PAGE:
Janet Favor had no intention of eating the individual helpings of roast turkey that she was placing into the back of a car on Thanksgiving morning. She’s a vegetarian and planned to cook an Indian dish for dinner — but on a sensory level, she still was able to appreciate the holiday classic.

“It smells so good,” she said of the turkey, which had been loaded into Styrofoam boxes along with mashed potatoes, squash, gravy, cranberry sauce and other traditional dishes. The meals were releasing steam into the cold autumn morning.

Favor, of Gardiner, was delivering Thanksgiving meals to people in Augusta as part of an annual dinner that is prepared by volunteers at Gardiner Area High School. She was making the deliveries with Kate Buehner, also of Gardiner, who recently learned of the dinner after searching for Thanksgiving volunteer opportunities on Google.

About 70 area residents attended the annual dinner, which is organized by the Augusta Valley Scottish Rite Masons. Besides hosting a meal at the school, volunteers delivered another 173 meals to people in towns from Gardiner to Augusta who have trouble leaving their homes.

They delivered many more meals last year, organizer Bruce Farrington said, but made fewer deliveries this year because another organizer who typically signed people up for the service, Joe Atkinson, died earlier this year.

The Gardiner dinner was one of several community meals held around central Maine on Thursday. Others were held at Readfield United Methodist Church and Le Club Calumet.

But it wasn’t just food and civic duty that drew area residents out on a chilly Thanksgiving morning. Some were working up an appetite for the eventual feast by walking and running in places around Kennebec County.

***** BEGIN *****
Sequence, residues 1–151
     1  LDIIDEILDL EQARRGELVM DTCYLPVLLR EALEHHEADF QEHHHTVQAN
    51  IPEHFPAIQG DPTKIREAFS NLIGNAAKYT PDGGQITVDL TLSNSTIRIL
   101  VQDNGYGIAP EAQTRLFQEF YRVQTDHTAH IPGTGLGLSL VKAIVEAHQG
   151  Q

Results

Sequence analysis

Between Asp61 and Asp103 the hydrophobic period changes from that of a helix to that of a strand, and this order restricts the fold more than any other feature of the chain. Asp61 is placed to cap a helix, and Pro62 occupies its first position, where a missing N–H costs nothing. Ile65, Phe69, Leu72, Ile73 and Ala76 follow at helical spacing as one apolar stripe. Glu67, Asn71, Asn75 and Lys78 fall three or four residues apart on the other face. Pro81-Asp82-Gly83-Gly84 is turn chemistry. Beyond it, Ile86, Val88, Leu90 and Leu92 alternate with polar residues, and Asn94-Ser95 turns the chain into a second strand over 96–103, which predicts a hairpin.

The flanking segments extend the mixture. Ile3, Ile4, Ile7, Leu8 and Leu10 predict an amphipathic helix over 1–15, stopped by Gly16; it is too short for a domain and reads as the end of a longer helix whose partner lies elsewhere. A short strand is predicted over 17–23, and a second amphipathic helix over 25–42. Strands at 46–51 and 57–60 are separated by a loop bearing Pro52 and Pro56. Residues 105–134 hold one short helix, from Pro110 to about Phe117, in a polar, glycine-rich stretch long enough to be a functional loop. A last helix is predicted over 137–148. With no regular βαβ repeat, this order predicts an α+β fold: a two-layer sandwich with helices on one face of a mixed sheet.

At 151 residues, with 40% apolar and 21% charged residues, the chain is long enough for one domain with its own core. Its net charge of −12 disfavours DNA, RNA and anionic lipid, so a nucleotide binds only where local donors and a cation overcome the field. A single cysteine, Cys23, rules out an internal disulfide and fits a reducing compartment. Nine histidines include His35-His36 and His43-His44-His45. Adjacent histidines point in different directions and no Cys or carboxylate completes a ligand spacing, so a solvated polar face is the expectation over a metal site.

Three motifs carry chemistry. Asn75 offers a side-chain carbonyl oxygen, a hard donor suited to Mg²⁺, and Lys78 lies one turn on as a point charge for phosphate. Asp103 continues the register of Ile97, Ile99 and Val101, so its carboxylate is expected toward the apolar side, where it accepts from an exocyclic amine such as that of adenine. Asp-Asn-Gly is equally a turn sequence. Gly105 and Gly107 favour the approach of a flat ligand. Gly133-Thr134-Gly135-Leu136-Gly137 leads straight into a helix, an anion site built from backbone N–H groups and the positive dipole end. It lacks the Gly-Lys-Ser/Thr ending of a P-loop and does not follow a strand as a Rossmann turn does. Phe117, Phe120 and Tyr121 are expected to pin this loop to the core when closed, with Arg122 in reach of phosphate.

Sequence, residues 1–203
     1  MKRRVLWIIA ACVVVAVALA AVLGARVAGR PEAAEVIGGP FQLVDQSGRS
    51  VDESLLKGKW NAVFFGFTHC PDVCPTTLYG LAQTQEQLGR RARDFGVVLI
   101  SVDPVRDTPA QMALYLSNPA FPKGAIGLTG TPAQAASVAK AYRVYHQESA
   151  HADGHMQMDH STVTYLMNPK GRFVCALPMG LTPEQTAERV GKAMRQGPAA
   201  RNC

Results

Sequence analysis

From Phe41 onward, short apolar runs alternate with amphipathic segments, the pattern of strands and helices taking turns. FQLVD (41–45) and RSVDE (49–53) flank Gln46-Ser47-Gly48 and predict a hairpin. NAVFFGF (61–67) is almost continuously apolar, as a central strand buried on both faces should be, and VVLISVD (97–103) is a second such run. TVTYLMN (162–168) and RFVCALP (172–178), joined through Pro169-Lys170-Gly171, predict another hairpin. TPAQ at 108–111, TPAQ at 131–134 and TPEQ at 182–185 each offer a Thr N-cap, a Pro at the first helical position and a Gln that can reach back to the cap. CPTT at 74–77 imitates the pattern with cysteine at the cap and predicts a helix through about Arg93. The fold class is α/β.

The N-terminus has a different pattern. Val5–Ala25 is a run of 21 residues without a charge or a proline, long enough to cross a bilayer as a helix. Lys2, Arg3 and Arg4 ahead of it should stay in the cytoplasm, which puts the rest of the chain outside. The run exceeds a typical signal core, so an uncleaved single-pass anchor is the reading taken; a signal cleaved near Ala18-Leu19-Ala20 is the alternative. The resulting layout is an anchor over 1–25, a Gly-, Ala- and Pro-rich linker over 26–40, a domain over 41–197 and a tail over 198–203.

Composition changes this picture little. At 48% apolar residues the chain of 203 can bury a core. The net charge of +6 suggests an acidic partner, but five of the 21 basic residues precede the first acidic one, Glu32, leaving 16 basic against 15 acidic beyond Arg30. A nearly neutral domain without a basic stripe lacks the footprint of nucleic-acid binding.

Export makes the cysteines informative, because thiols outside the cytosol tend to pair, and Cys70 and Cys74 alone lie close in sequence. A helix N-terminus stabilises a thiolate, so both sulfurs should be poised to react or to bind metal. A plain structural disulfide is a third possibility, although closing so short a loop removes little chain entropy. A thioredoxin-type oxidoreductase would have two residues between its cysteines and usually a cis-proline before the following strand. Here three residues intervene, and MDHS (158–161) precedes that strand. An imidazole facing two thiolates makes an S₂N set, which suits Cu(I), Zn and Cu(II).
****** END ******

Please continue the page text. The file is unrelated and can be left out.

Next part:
Sixty-three people stopped by the Kennebec Valley YMCA early in the morning for a special, hour-and-a-half-long workout. The so-called “Turkey Warm-up” consisted of a spin class on the YMCA’s stationary bicycles, as well as a “boot camp” in the gymnasium that included sprinting, push-ups, wall-sits and other exercises performed in agonizing repetition and to the soundtrack of loud pop music.

“It’s a great opportunity to get in shape before we eat our big turkey dinner,” said Peter Couture, a YMCA regular who came to the workout with his wife, Shelly Couture.

“I feel good about going home and relaxing,” said Raegan LaRochelle, a member of the YMCA board of directors who after the workout was going back to celebrate the holiday with her family, including two 9-year-old sons.

Beyond the health benefits of the Turkey Warm-up, it also raised more than $600 for scholarships, child care and other services provided by the YMCA, said Craig Cameron, the organization’s director of healthy living, who helped lead the workout.

Favor and Buehner, the Gardiner women delivering meals around Augusta, experienced a different type of workout when they had to find homes around the city. “It’s like an adventure,” Favor said, after they had delivered one meal to a home on Trueworth Avenue and were figuring out how to reach their next destination on Northern Avenue.

“Hi there,” Buehner said a few minutes later, as she approached the porch of 71-year-old Robert Vigue. “I’ve got your Thanksgiving dinner. We’ve got three dinners and three desserts.”

Vigue, who spent the early part of his holiday watching the Macy’s Thanksgiving Day Parade on television, thanked them for the delivery. After they left, he said that his nephew and his nephew’s wife would soon be coming over to eat with him.

Vigue, who uses a wheelchair, said he has been receiving Thanksgiving meal deliveries for the last couple years and appreciates the service. He also receives deliveries through the Meals on Wheels service.

“I like it very much,” he said. “It’s great for people like us that are handicapped.”

Vigue used to work as a cook, he added, “and it’s good food.”

Charles Eichacker — 621-5642

[email protected]

Twitter: @ceichacker

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